Somers furniture built the kiosk at McCarran Airport with Chris Harvey of Design Factory Las Vegas

Buying a Las Vegas souvenir at the airport used to involve a pair of fuzzy dice, shot glass, casino T-shirt or simple variation thereof.

These days, one of the more popular, yet curious places for last-minute gifts at McCarran’s C gates is the Hard Rock’s Rehab-branded kiosk, which sells merchandise bearing the logo of the resort’s racy, long-running pool party.

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The kiosk, the latest expansion of the Rehab brand beyond the Rehab-focused reality show on truTV, sells clothing basics along with curios like a $285 dive watch, of which 200 have sold so far this year.

It’s a temporary, though calculated experiment for the Hard Rock, which counts Rehab as one of the its best-selling brands.

The party and reality show have generated national publicity for the property and for Las Vegas. With the spread of Rehab-style pool parties across Las Vegas, the town has become associated with an over-the-top poolside lifestyle involving waxed hardbodies, dance music and copious amounts of booze.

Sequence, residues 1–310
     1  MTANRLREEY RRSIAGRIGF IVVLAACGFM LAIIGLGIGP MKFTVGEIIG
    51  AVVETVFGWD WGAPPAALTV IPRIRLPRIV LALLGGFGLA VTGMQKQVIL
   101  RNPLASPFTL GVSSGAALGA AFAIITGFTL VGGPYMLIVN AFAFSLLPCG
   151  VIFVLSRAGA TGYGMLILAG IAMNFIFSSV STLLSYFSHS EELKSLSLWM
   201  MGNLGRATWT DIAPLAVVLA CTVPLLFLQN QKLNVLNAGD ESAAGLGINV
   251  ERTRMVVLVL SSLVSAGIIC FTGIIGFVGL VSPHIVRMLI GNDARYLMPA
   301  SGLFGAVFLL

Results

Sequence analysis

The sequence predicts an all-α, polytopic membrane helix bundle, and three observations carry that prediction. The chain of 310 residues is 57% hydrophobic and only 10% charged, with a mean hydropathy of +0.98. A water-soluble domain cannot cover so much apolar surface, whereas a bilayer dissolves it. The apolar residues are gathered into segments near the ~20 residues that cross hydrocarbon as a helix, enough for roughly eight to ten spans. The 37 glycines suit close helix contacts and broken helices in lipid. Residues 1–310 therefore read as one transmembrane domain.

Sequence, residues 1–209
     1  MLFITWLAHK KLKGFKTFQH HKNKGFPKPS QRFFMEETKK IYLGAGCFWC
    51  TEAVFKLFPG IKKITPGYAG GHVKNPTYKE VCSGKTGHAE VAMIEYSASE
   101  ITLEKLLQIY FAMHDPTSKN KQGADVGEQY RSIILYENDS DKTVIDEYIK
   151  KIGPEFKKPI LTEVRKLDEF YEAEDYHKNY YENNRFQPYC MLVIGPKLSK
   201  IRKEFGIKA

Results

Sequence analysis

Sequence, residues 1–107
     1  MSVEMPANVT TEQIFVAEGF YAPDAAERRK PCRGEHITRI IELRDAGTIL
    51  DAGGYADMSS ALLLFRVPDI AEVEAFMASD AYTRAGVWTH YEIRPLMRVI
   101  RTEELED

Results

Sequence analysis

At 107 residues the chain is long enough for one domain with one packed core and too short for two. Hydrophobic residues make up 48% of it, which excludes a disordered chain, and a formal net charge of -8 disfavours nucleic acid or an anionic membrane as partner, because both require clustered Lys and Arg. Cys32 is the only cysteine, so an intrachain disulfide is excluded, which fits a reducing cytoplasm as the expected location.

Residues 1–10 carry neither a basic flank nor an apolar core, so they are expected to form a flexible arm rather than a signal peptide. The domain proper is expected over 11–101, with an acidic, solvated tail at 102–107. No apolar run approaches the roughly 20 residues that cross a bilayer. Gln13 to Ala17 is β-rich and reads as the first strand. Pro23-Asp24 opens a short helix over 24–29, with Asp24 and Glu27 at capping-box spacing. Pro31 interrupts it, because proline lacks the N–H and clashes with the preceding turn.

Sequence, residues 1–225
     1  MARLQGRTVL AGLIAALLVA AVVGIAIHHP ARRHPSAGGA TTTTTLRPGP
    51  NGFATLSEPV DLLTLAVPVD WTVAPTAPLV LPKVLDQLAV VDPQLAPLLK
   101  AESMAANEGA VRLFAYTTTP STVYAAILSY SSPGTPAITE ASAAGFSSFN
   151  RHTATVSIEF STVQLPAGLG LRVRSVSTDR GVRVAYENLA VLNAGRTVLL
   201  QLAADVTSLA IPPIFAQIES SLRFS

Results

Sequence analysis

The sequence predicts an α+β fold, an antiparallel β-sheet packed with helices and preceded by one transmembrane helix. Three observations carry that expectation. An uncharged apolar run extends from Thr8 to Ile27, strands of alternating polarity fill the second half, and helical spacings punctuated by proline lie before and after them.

For people who witness the party live or simply watch it from their living room couches, Rehab souvenirs represent a piece of this fantasy world, said Krista Tye, Hard Rock senior executive director of retail operations. Some are thankful for the opportunity to buy last-minute gifts, she added.

“They’re buying a little piece of Vegas so they can go home and tell their Vegas stories.”

The cabana-shaped kiosk, which opened July 7 and closes Oct. 15 to coincide with pool season, is a tame version of the real thing, with thumping house music and scenes from the Rehab reality show playing on flat-screen TVs.

Airport officials welcomed the store despite the raucous antics of its scantily clad customers, Tye said.

All kiosk employees completed the airport’s screening and extensive background check process. Airport officials also reviewed the television clips for inappropriate content.

Jiggling cleavage and bikini-covered bottoms, the epitome of the moneymaking miracle known as the Las Vegas pool scene, were deemed entirely appropriate.

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